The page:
Georgia Tech

Emails: Protests Spur College Officials To Talk With Players

12 hours ago
Jeff Martin / AP Photo/File

As protests over racial injustice grab national attention in pro sports, some college and university officials are having pre-emptive talks with student-athletes and consulting each other amid concerns that such actions will spread to college sports, according to emails released Thursday.

After five black cheerleaders at Kennesaw State University knelt during the national anthem at a September football game, athletic officials there sought advice from their counterparts at schools including the University of Georgia, Georgia Tech, Duke University and Purdue University.

Reuters

This year's Nobel Prize winners were announced the first week of October. In September, slightly less prestigious awards honored the funny side of scientific discovery. The Ig Nobel Prizes have been awarded annually since 1991 to honor achievements that “first make people laugh, and then make them think.”

Advocates Want More Police Training For Mental-Health Issues

Sep 26, 2017
Stephen Fowler / GPB News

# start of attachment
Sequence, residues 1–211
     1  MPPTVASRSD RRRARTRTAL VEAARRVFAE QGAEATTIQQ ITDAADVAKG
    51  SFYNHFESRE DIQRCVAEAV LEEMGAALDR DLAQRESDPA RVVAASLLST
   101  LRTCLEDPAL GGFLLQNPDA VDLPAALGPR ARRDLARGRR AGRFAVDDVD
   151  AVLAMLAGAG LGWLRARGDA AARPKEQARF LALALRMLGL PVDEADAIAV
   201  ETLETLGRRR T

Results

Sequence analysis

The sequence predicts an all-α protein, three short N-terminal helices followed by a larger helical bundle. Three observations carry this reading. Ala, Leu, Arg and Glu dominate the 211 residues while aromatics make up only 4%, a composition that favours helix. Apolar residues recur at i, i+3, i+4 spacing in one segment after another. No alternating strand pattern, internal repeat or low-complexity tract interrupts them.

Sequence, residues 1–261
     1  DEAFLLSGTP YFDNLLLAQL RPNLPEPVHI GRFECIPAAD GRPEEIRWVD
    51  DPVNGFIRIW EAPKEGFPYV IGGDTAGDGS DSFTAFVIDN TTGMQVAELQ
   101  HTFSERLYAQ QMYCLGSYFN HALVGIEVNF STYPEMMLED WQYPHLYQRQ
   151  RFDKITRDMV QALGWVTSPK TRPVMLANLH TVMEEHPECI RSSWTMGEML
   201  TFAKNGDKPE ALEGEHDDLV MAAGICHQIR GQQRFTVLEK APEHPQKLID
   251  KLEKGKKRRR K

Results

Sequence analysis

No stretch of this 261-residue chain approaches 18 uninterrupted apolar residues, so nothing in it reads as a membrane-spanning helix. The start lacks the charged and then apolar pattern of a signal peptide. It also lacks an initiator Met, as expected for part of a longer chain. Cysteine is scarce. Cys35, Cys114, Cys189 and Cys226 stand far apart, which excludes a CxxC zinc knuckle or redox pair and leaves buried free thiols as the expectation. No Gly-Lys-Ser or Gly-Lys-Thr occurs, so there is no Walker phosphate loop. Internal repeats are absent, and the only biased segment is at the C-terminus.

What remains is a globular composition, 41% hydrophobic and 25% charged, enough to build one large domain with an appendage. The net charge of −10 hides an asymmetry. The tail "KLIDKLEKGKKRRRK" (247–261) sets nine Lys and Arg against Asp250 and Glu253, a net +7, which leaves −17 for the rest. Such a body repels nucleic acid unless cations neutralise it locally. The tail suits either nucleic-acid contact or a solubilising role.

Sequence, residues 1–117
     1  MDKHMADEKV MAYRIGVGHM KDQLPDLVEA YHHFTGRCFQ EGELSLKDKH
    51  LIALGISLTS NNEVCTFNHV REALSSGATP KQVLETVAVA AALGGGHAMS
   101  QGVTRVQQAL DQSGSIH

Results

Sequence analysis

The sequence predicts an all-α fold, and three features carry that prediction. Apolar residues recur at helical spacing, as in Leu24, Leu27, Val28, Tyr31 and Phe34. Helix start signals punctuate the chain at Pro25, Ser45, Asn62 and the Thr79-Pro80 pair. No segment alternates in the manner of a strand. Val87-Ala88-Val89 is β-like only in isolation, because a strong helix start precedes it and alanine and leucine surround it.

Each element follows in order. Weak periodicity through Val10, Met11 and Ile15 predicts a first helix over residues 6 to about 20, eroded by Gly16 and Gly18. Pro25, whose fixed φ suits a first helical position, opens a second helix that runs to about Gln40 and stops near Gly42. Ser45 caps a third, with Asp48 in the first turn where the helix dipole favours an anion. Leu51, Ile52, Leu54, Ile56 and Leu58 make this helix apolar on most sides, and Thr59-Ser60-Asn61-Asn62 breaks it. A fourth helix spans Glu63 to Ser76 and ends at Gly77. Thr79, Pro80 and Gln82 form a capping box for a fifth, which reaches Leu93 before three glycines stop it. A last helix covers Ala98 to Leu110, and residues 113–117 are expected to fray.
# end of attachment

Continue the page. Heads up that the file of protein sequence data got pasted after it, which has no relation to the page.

Supervisors for the Georgia Tech police officer who fatally shot a student thought the officer showed promise, but there is no evidence that he had received the kind of training that advocates say is crucial to effectively interact with people who have mental-health issues.

Officer Tyler Beck fatally shot Scout Schultz on Sept. 16, the Georgia Bureau of Investigation has said. Beck and other officers responded after Schultz called 911 to report an armed suspicious person, investigators said. Police have said Schultz had a knife and refused to drop it after repeated commands.

Kevin D. Liles / AP Photo

When Georgia Tech student Scout Schultz was killed, the Schultz family said lethal force by officer Tyler Beck could have been avoided. The state of Georgia started to require crisis intervention training for officers in February of 2017.

David Goldman / AP Photo